What makes a great truck? Some may say power, towing, or off-road ability. Others may value tech, luxury, and comfort over brawn and capability. For most consumers, the correct answer is probably somewhere in the middle. The modern truck buyer expects a vehicle that is as comfortable towing a boat as it is pulling up the valet stand at a steak house. The modern truck should offer work with refinement and the chance to relax in a plush cabin after a hard day’s work. When looking for this combination, many consumers will come down to a choice of 2019 Chevy Silverado vs 2019 Toyota Tundra. One is an American classic; the other is the sales leader among foreign trucks. Let’s take a look at the facts and figures to see which truck you should be driving off the dealership lot.
A Nation of Trucks
There are few things more central to Americana than a full-sized pickup truck. Although perhaps not as iconic as football or apple pie, the truck holds a special place in the lore of the United States. It’s a symbol of the freedom and wide-open space that seems uniquely American. And boy do Americans love trucks. While the current SUV boom is getting all of the attention, there are more pickups sitting in driveways and garages than ever before. In fact, in 2018, US pickup sales already passed the 2-million-unit mark by September. Things haven’t shown any signs of stopping, either. First quarter sales were full 30% higher than the same period in 2014, according to Edmunds.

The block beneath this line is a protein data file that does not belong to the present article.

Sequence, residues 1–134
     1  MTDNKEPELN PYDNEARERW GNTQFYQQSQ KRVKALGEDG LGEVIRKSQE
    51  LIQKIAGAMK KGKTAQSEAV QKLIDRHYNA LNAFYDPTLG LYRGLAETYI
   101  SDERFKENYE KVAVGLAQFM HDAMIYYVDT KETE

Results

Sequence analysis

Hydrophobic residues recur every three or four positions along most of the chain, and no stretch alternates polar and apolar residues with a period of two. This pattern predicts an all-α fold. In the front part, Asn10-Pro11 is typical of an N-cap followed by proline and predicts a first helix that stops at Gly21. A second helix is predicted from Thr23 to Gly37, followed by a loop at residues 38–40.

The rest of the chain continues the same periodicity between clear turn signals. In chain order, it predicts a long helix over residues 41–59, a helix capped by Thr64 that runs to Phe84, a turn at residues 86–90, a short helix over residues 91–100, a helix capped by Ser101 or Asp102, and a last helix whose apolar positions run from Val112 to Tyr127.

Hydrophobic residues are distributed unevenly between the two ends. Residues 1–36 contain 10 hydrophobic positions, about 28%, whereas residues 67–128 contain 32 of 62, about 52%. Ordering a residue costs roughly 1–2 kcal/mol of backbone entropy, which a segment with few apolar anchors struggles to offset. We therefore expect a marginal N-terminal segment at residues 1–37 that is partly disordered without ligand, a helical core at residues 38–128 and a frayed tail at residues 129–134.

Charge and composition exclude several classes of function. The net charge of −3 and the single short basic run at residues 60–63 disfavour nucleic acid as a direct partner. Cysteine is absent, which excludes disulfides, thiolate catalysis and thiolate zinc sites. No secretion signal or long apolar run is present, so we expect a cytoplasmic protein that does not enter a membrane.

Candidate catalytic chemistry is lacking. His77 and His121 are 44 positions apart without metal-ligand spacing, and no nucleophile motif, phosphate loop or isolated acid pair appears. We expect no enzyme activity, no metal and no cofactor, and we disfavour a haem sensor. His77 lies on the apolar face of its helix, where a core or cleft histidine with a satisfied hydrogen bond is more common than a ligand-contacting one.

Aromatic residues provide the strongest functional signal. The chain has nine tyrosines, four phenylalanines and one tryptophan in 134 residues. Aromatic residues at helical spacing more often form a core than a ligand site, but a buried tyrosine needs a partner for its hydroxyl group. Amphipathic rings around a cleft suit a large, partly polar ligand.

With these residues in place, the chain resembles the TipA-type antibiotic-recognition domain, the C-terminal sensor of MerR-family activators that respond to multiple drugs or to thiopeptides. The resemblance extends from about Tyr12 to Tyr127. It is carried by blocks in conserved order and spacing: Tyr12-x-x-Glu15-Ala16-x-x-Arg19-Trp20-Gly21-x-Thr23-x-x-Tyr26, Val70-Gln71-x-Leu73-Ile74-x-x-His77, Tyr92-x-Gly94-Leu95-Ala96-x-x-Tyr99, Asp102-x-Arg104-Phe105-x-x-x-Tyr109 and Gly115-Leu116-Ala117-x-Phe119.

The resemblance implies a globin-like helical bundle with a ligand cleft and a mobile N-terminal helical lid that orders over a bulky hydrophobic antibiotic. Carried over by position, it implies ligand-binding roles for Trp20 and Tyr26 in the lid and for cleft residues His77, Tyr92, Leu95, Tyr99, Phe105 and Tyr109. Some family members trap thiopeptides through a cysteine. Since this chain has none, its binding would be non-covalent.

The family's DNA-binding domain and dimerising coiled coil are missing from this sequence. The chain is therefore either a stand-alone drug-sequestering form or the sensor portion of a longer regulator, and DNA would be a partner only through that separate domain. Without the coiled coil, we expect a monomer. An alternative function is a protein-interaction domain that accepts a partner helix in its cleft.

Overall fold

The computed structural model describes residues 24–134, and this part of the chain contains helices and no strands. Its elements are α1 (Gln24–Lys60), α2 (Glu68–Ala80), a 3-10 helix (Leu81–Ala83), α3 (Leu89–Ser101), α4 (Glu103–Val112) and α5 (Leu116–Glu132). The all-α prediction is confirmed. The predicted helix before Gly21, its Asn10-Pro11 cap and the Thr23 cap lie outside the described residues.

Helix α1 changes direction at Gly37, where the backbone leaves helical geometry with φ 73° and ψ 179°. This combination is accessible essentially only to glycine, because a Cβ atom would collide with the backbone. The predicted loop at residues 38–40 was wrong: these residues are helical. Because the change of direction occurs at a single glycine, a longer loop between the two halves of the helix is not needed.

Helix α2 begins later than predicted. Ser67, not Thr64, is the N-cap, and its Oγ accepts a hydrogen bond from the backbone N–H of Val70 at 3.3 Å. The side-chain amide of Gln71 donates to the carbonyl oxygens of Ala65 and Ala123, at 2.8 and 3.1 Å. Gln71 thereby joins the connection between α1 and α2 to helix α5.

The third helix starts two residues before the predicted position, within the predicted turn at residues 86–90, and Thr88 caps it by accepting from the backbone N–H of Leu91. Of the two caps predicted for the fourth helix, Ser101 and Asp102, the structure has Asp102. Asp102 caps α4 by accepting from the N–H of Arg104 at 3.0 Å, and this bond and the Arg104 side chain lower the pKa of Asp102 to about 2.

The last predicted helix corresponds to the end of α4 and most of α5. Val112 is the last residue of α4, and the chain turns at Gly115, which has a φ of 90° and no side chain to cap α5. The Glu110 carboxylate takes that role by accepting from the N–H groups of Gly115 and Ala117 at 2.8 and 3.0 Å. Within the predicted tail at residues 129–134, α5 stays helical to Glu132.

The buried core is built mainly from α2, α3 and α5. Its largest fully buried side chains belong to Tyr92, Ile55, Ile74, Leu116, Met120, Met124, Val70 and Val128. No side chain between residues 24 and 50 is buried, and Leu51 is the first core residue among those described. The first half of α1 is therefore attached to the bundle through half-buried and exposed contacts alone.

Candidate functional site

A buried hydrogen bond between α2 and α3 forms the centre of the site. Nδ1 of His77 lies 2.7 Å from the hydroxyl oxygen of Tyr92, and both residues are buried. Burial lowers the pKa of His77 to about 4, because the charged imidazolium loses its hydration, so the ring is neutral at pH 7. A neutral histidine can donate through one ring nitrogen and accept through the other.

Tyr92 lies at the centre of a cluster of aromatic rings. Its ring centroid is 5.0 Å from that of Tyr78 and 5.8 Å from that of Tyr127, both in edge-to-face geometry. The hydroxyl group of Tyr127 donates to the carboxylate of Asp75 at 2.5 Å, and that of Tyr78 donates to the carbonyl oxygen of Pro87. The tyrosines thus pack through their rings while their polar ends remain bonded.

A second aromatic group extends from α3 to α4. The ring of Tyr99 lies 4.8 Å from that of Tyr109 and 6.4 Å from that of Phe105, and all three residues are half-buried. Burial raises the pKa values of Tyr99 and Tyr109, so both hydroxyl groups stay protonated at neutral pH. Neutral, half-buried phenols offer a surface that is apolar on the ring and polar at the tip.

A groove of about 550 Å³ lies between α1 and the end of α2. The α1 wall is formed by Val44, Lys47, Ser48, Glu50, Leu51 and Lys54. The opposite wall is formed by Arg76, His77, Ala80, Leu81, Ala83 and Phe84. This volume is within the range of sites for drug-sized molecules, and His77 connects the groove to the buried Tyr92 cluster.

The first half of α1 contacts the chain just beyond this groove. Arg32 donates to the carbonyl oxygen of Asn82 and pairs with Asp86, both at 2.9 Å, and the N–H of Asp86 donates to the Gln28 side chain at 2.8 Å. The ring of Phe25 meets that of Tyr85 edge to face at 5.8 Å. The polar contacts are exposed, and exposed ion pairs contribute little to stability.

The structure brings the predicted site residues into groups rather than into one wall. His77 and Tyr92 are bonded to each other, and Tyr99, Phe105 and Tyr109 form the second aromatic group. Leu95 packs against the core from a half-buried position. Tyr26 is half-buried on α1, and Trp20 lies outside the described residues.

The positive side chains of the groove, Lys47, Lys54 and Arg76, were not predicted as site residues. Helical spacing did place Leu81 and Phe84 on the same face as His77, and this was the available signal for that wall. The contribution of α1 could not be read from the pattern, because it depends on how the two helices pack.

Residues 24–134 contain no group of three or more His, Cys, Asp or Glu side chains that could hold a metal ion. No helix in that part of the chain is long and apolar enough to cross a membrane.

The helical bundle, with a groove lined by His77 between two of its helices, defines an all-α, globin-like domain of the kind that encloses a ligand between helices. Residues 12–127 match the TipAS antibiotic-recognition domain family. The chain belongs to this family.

There are currently six different full-size trucks for sale and seven mid-size trucks. The wide selection and increased competition have been great for consumers. Quality has never been higher, but the same can be true for prices as well. If anything, more trucks hitting the market should lead to more choice and more equitable pricing.
Know Your Truck
The Chevy Silverado was introduced in August 1998 as a 1999 model. Since then, the truck has gone through three full redesigns, with the latest coming for the 2019 model year. As of now, the Silverado comes in three different cab sizes with differing bed lengths:
- Regular (Single) cab with long bed (8’ 2”)
- Crew cab with short bed (5’ 8”)
- Crew cab with standard bed (6’ 6”)
- Double cab with standard bed (6’ 6”)
The single cab arrived a little late to the party, mainly due to popularity; in 2018 only 12% of GM truck sales were single cab models. When it comes to seating, the Silverado can fit five or six, depending on trim choice. Trucks are high-margin vehicles for most automakers, and the Silverado has been a winning ticket for Chevy. Since it debuted, Silverado sales consistently passed the 300,000/year mark. In 2018, nearly 600,000 were sold, good for second out of all vehicles in the US.